• There is also the case where a new user wants to answer a question with no existing answers. So the only way to gain information is via commenting, which can't be done since they do not have the privilege... Yet – Craig Wayne Mar 29 at 14:08
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Typically, I prefer using comments as well. Voting up/down sort of sends the wrong message to new users, even though as Zanna explained it is not intended to be a form of punishment/reward, but people see it that way. Well, OK, maybe it actually is intended. Stack Exchange is sort of built on the game principle to retain users; to quote Jeff Atwood - one of the creators of Stack Exchange - from his blog post Gamification:

It is true that all our stolen ideas about reputation systems, achievements, identity, and vote scoring are in place specifically to encourage the adoption of the brave new no-nonsense, all-signal Stack Exchange Q&A model. Without those incentive systems, when left to their own devices, what you get is … well, every forum ever created. Broken by design.


So now - questions. "Is it generally a good idea to down-vote new user answers?" Voting on answers is always a good idea, but new users may not be familiar with the whole system of Stack Exchange. Good idea and intention, but if the user doesn't understand its purpose, it leads to bad results. Sorry, but as much as I like Stack Exchange and Ask Ubuntu, this is not the most intuitive site to use for the beginner. So as far as new users go, it is better to do the following:

  • Comment to say what the user did wrong and how they can improve. This will do much more good than just downvoting with no explanation. Make it a learning case for the new user.

  • Use the gamification idea and positive language in comments. They'll listen to you if you talk to them in encouraging way, rather than offensive "You're wrong, n00b!!!". For example, something along the lines of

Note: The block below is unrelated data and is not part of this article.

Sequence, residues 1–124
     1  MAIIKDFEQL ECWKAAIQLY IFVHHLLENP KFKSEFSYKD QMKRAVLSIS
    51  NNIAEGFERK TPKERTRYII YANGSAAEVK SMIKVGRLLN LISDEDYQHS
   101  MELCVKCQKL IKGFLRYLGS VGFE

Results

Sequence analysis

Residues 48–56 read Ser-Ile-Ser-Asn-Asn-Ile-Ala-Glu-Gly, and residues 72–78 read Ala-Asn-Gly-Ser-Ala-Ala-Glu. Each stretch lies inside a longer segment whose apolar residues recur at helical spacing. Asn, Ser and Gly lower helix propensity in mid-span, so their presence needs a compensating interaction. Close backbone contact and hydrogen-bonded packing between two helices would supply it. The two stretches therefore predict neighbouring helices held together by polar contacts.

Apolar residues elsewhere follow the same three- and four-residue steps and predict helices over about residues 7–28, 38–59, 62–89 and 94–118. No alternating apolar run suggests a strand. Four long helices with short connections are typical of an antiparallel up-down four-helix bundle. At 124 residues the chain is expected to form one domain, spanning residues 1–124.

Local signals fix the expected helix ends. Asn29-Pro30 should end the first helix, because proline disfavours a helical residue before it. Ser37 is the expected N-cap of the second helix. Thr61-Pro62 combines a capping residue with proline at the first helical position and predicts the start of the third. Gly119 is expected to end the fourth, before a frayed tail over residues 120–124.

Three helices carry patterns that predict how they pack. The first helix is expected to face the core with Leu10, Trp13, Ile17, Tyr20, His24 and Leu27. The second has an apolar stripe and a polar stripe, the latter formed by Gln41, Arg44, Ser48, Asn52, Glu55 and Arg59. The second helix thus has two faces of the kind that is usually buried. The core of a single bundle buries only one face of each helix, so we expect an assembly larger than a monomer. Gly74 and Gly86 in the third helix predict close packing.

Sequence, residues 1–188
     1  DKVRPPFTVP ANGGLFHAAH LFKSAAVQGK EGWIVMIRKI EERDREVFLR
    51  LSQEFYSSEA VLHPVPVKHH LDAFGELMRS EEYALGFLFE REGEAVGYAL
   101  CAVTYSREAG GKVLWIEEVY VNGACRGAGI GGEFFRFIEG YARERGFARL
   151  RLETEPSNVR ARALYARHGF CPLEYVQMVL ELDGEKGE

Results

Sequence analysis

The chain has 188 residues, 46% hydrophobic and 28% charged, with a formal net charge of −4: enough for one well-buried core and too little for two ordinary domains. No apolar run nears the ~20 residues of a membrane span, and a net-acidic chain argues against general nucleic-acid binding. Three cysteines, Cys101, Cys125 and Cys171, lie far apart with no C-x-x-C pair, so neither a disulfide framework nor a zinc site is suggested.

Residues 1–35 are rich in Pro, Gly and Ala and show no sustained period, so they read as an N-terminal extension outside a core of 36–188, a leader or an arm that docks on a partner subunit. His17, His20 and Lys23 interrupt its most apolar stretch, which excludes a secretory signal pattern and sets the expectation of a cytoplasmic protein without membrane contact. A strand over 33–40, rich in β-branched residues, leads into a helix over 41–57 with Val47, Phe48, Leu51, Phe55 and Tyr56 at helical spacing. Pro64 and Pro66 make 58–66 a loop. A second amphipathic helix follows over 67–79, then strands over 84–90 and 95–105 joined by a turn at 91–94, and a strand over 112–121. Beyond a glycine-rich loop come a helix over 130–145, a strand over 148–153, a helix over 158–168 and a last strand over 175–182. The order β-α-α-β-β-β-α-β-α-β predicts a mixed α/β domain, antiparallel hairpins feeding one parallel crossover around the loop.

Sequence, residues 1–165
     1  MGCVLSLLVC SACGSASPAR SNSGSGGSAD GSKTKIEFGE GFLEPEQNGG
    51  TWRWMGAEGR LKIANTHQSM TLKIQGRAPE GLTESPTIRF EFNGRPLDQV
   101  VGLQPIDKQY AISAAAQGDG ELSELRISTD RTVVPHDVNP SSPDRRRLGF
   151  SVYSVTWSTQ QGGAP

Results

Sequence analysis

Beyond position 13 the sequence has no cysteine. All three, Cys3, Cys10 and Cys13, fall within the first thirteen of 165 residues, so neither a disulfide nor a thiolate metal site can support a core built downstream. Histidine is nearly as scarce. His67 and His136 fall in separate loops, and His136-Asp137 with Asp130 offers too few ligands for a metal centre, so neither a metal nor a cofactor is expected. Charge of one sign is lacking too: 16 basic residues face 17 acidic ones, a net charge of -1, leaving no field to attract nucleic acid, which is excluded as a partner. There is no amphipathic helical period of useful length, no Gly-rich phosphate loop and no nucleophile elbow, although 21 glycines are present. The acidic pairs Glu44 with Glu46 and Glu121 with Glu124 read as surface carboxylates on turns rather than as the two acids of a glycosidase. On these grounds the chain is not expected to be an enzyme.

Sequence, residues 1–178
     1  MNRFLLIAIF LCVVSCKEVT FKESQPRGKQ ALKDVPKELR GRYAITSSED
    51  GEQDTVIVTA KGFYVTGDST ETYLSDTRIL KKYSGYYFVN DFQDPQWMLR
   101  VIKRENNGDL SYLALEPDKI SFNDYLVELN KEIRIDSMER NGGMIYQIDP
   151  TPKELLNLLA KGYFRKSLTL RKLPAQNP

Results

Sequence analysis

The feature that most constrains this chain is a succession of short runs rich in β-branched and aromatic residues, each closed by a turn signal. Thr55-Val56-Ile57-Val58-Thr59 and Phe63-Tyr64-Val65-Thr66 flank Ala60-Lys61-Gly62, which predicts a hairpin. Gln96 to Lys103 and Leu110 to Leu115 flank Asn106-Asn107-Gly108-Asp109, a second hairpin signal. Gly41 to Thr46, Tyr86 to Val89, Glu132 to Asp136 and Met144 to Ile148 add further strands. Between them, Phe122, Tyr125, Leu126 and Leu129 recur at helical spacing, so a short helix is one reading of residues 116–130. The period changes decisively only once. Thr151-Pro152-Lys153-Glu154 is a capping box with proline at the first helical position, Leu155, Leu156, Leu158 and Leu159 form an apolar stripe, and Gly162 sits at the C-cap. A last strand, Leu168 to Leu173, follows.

Welcome to Ask Ubuntu! Please edit your answer to clarify which exact module the user should remove. It is best to provide exact steps which the question author could follow.

Once the user gets past a certain reputation barrier - maybe 50-100 points - they should be familiar with how the site works and the purpose of downvotes. So it is OK to downvote the answer if it is incorrect, wrong, low quality, or off-topic. For new users, a downvote (and probably deletion) is warranted without a comment only if it is spam, a security risk, off-topic, offensive, or a question - not an answer.

how do we convince more low rep-moderators to leave a comment rather than simply downvoting?

FYI, there's no "low-rep moderators". The site is designed to be self-moderating by the community. Actual moderators step in in cases where the post is offensive, the user has crossed behavioral boundaries (and it is ban-hammer time), etc. The way to convince people is pretty much the same as in any other place:

  • Give them an example to follow; do leave comments yourself, let others absorb your behavior

  • Give them incentive; add +1 to the comment if it mentions good reasoning for why the answer is downvoted